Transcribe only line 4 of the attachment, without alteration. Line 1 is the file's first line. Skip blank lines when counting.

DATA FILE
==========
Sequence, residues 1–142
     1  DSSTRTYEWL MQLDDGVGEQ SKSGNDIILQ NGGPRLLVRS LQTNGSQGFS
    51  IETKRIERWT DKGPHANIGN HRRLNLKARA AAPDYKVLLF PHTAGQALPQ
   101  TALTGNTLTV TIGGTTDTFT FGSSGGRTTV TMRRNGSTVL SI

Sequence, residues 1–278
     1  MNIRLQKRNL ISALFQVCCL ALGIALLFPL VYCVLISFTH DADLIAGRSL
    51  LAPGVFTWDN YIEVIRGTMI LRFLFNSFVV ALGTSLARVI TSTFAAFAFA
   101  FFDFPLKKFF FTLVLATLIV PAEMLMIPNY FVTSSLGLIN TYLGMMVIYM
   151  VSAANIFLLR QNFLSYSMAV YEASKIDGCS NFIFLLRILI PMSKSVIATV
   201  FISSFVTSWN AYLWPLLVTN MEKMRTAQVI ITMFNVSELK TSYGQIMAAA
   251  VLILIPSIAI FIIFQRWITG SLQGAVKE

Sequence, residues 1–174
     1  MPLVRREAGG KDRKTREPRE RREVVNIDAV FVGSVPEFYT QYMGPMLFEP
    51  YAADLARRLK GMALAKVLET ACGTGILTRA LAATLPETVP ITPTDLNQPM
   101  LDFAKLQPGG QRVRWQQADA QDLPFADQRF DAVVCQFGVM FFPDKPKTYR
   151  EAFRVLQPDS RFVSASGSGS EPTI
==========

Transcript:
   101  TALTGNTLTV TIGGTTDTFT FGSSGGRTTV TMRRNGSTVL SI